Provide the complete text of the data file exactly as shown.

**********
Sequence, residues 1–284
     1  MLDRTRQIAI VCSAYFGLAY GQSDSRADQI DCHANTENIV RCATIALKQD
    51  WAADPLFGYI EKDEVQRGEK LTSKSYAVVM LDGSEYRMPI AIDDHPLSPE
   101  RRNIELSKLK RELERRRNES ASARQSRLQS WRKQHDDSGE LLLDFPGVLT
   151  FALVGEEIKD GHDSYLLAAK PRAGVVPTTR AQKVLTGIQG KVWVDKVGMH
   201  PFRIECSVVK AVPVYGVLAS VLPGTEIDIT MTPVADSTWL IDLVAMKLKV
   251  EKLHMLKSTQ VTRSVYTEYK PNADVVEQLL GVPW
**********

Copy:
Sequence, residues 1–284
     1  MLDRTRQIAI VCSAYFGLAY GQSDSRADQI DCHANTENIV RCATIALKQD
    51  WAADPLFGYI EKDEVQRGEK LTSKSYAVVM LDGSEYRMPI AIDDHPLSPE
   101  RRNIELSKLK RELERRRNES ASARQSRLQS WRKQHDDSGE LLLDFPGVLT
   151  FALVGEEIKD GHDSYLLAAK PRAGVVPTTR AQKVLTGIQG KVWVDKVGMH
   201  PFRIECSVVK AVPVYGVLAS VLPGTEIDIT MTPVADSTWL IDLVAMKLKV
   251  EKLHMLKSTQ VTRSVYTEYK PNADVVEQLL GVPW